Death Valley National Park Announces Closure Due to Flooding

On August 5, 2022, unprecedented amounts of rainfall caused substantial flooding within Death Valley National Park. All roads into and out of the park are currently closed and will remain closed until park staff can assess the extensiveness of the situation.
Click here for video of flooding!
The California Department of Transportation anticipates it will take four to six hours to open a road on Highway 190 toward the east of the park to allow an exit.
There are approximately 500 visitors and 500 staff currently unable to exit the park. No injuries to staff or visitors have been reported.
Approximately sixty cars, belonging to visitors and staff, are buried in several feet of debris at the Inn at Death Valley.
The flood waters pushed dumpster containers into parked cars, which caused cars to collide into one another. Additionally, many facilities are flooded including hotel rooms and business offices.
The Cow Creek Water system, which provides water to the Cow Creek area for park residents and offices, has failed. Park staff have identified a major break in the line due to the flooding which is being repaired. The remainder of the line is being inspected.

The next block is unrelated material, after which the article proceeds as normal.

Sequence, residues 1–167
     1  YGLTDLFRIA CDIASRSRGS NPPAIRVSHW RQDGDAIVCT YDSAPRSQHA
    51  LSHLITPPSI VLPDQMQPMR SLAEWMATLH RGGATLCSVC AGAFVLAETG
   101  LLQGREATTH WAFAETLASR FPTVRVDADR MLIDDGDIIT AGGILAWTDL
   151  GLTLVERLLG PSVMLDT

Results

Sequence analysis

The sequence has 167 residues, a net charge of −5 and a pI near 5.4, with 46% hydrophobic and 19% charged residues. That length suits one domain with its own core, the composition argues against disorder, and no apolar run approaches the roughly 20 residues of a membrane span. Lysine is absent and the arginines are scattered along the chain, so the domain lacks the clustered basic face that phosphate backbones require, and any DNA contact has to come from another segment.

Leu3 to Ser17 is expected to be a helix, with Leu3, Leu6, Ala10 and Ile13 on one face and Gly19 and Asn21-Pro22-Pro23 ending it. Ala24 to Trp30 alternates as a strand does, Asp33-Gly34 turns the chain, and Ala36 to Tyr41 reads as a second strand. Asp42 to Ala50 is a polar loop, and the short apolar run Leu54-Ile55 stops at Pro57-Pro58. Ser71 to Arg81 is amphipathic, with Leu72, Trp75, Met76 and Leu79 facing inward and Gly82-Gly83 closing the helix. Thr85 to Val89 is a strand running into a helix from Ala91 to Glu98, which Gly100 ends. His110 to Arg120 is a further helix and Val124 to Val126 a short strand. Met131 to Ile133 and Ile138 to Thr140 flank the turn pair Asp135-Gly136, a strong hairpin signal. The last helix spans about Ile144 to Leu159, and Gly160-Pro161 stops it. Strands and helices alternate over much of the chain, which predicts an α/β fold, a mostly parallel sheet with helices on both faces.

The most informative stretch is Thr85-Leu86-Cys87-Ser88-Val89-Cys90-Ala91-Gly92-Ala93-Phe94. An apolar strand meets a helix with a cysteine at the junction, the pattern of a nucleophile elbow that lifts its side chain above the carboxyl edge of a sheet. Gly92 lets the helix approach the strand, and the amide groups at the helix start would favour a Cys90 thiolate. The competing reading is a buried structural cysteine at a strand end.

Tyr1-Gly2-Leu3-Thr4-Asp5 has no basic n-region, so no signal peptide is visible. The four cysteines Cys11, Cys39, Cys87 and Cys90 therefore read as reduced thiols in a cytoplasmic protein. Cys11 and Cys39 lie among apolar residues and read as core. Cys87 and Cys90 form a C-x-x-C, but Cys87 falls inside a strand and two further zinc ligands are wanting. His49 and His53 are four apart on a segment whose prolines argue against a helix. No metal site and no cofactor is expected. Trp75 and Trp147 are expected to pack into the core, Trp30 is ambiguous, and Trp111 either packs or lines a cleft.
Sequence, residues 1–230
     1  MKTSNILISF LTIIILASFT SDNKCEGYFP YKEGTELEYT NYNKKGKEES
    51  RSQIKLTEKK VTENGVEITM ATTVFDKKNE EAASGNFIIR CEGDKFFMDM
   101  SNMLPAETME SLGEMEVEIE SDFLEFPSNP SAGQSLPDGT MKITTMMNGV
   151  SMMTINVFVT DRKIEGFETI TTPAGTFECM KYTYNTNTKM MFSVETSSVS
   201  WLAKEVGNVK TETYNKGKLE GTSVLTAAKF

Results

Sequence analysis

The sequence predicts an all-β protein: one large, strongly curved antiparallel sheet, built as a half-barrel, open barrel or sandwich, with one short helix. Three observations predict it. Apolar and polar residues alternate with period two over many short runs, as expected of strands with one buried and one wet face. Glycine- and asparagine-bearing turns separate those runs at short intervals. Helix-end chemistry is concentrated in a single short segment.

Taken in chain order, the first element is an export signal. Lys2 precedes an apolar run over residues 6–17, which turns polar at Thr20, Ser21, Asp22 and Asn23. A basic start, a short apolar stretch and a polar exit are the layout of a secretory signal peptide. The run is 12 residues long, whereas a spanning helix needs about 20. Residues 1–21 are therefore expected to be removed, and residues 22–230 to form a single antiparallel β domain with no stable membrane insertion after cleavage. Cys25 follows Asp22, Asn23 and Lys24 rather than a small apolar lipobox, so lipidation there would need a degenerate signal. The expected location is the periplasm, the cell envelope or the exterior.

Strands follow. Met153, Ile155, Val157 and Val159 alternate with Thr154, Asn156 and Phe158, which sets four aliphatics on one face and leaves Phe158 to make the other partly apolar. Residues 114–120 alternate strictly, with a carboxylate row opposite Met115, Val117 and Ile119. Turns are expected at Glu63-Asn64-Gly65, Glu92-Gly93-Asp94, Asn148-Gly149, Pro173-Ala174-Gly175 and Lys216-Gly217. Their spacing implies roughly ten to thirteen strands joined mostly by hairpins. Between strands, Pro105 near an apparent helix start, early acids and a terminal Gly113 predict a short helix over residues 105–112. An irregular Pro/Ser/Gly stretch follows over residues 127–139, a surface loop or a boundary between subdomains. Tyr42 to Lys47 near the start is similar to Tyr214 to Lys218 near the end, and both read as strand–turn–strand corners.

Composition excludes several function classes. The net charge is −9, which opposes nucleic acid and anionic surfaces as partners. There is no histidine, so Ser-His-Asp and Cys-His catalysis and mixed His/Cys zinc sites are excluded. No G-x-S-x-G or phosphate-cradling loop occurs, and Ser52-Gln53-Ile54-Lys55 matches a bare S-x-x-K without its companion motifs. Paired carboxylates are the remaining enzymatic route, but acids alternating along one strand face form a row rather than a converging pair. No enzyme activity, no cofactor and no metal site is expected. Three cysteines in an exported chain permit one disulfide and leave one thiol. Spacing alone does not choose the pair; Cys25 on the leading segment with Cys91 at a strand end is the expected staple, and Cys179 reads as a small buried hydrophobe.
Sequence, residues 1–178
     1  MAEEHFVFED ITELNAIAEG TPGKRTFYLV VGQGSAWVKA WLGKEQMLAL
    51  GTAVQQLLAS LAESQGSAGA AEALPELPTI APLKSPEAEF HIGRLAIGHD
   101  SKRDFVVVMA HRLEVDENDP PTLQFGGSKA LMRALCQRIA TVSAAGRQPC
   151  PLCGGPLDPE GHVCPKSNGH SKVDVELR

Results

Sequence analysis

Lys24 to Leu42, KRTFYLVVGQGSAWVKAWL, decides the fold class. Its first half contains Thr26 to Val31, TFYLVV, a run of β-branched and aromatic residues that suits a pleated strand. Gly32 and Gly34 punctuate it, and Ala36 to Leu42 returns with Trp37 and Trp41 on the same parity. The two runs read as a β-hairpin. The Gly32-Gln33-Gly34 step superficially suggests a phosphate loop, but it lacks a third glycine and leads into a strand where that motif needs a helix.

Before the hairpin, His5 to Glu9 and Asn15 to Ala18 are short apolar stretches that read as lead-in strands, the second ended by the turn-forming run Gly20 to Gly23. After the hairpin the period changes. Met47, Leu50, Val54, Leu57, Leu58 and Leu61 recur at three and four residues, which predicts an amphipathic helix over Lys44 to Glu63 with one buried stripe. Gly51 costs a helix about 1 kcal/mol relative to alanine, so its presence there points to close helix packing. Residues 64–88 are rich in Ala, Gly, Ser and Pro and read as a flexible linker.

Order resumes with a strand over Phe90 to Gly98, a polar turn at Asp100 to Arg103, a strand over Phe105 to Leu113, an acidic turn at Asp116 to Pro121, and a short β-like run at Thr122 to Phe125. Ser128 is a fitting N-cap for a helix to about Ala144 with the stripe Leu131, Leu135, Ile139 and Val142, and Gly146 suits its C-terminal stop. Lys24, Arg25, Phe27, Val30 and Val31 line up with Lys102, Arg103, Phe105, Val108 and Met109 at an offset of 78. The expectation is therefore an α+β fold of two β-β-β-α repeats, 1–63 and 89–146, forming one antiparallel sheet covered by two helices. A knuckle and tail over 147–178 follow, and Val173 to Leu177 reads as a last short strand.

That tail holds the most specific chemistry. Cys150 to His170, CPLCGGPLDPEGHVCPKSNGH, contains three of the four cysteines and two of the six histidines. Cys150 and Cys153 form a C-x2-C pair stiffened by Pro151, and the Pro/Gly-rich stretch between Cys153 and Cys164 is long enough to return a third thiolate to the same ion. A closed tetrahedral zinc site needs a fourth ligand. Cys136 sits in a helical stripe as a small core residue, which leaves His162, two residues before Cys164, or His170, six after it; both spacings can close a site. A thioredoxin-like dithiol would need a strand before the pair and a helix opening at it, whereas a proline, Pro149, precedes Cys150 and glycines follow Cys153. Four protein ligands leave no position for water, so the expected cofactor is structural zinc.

The park received at least 1.7 inches of rain at Furnace Creek, nearly an entire year’s worth of rain in one morning, as the park’s annual average is 1.9 inches of rainwater.
The park is not expecting further monsoonal rain activity today. However, more rain is expected later in the week and the ground is very saturated.
The park is working closely with its partners at the California Department of Transportation, and state and county emergency services on assessing the situation and damage.

For more current updates on alerts and conditions in the park, please visit nps.gov/deva or follow Death Valley National Park on Facebook or Instagram.

Correction:
The official rainfall was 1.46 inches (not the 1.7 reported earlier that was the unofficial measurement by a collection method).
This was the second-highest amount of rainfall in a day at Furnace Creek, just behind 1.47 inches recorded on April 15, 1988.
This single day also makes this the August with most rainfall. Previous record was 1.35 inches in August 1936.

(From Death Valley National Park)

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Lois Wright
Lois Wright
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3 months ago

Yuck-that doesn’t look good. Hope no one gets hurt.